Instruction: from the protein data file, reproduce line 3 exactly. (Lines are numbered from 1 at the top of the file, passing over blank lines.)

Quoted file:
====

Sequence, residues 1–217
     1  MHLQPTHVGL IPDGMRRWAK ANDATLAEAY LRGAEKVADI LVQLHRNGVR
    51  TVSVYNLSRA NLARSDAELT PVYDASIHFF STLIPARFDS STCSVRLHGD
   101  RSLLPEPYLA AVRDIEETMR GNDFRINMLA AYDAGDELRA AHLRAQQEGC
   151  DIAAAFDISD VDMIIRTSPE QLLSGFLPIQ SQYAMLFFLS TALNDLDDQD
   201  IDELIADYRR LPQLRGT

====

    51  TVSVYNLSRA NLARSDAELT PVYDASIHFF STLIPARFDS STCSVRLHGD